You say ?tomato? and I say ?tuh-Mater?!

Mater: My name is Mater. 
Lightning McQueen: Mater? 
Mater: Yeah, like tuh-mater, 
but without the “tuh”. 
From the Pixar/Disney movie Cars 
We resume our journey on Historic Route 66 at Joplin, Missouri. Joplin is located in the eastern part of the tri-state lead zinc mining district of southwestern Missouri, southeastern Kansas and northeastern Oklahoma.
Lead zinc ores occur together in the district but production originally was confined to lead because it could be smelted in homemade furnaces. The production of zinc rapidly increased in the 1870s after construction of a smelter in Kansas. Ultimately zinc became the most important mineral in the district.
By the start of the 20th century, mining had brought wealth to the area, some of which was invested in local infrastructure. In 1904, historian NA Allison1 wrote that several roads in the area had been improved using waste rock from the mines (referred to as chat) that “forms a solid cement-like surface which will endure of a score of years”. 
He added: “Besides affording easy transit for the people … these roads give the country an appearance of tidiness much above what was formerly seen.” Even into the 1950s, the region annually shipped three to five million tonnes of chat for use in railroad ballast, concrete and asphalt.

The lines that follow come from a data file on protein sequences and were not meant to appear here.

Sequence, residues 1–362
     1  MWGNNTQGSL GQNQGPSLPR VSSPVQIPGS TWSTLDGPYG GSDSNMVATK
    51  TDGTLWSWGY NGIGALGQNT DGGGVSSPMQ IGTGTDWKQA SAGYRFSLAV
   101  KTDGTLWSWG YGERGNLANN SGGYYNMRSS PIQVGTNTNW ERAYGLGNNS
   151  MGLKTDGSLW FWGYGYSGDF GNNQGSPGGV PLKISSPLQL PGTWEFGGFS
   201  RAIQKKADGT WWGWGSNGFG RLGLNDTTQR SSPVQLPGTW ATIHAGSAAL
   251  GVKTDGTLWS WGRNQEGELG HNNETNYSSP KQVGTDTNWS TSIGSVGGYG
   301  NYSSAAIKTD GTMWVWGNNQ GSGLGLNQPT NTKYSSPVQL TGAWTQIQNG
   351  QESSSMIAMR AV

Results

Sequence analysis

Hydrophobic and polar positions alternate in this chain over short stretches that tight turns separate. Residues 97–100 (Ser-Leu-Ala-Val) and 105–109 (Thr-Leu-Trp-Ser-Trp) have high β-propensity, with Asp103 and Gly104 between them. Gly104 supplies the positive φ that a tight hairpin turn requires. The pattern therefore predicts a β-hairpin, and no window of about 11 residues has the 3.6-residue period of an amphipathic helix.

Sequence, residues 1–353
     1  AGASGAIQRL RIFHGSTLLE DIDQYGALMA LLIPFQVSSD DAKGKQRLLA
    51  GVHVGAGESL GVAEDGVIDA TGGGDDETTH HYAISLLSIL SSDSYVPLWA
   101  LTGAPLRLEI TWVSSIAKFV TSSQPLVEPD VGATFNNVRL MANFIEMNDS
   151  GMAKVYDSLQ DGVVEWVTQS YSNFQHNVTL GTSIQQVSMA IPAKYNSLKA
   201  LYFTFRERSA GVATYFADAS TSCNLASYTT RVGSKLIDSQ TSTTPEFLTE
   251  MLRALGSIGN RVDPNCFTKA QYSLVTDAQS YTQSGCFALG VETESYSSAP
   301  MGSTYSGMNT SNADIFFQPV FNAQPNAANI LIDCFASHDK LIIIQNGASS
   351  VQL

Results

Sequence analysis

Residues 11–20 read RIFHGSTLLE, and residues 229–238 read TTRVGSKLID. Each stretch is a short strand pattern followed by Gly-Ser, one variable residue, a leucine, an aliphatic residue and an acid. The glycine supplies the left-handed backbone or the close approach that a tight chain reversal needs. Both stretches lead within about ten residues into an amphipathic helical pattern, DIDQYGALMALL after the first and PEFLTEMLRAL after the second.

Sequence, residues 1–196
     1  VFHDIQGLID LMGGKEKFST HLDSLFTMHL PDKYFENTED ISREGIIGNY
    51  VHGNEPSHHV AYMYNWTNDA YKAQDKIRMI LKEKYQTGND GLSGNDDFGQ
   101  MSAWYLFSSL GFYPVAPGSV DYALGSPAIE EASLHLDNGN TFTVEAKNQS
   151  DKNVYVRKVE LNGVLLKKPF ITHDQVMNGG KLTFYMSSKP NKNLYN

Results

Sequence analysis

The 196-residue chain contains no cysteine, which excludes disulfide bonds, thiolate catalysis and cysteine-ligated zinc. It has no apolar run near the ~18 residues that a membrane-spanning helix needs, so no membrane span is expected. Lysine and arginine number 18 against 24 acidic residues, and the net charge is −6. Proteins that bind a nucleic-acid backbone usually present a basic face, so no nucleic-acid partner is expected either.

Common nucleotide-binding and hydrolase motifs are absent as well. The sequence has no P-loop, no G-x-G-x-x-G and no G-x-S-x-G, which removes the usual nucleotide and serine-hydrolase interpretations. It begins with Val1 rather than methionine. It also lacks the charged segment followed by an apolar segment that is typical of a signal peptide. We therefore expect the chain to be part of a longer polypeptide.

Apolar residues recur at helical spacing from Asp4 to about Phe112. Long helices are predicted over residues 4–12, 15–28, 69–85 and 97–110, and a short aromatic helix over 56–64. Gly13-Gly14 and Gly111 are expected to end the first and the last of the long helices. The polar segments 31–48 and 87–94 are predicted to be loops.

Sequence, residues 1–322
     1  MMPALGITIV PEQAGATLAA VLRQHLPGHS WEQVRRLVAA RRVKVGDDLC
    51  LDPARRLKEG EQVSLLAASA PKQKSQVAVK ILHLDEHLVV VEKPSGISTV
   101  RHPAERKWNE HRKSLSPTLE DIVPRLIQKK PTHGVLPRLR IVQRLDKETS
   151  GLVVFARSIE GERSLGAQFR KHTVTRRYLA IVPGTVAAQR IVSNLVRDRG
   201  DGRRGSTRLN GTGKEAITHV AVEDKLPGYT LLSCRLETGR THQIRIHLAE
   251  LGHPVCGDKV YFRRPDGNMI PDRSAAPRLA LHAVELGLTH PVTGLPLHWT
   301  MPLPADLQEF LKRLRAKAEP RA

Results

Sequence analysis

In 1924, at the peak of mining, there were more than 11,000 miners in the district. About three times as many more people supported the miners. Mining began to dwindle in the Great Depression and a price reduction for lead and zinc after World War II resulted in the closure of many mines and the population declined. Those who stayed in the district turned to agriculture, dairying, ranching and … tourism.
In the early 1950s, at the same time that the region hit the bottom of the mining industry, Americans took to the roads. Route 66 became the main highway for vacationers heading to Los Angeles. 
This increase in tourism spawned all kinds of roadside attractions, including tourist camps, restaurants, curio shops and whatever else the tourists needed. Route 66 was even the site of the first drive-through restaurant, Red’s Giant Hamburg (the sign was too small for the “er”!), back in Springfield, Missouri.
Let’s motor over to Kansas. Old Route 66 zigzags through the state as it follows section line roads. The 21km sojourn through Kansas is the shortest of any state. Short as it is, there is something here I’d like you to see, something I want to share with my grandkids.  
As we drive through Galena, we will see the 1951 International Harvester L-170 boom truck that inspired the character Mater in the movie Cars. The grandkids have to love that. And for us adults, that boom truck used to lift equipment from mine shafts in and around Cherokee County, Kansas. Pretty darn cool!
And for those who prefer TV over the movies, we will follow Route 66 south to Quapaw, Oklahoma. It was mentioned in a 1976 episode of the television show M*A*S*H. BJ Hunnicutt’s father-in-law was a farmer there.
Unfortunately, the economic boost from Route 66 was rather short-lived. In 1957, the Will Rogers Turnpike, designated Interstate 44 in 1958, was completed and bypassed Galena and Quapaw. These two towns, and their neighbouring towns, became nearly forgotten by the rest of the world, just like Radiator Springs, Mater’s home town. 
1. Allison NA (ed). History of Cherokee County, Kansas. Biographical Publishing Company, Chicago, 1904.
Bill Langer is a consultant geologist, formerly of the US Geological Survey. 
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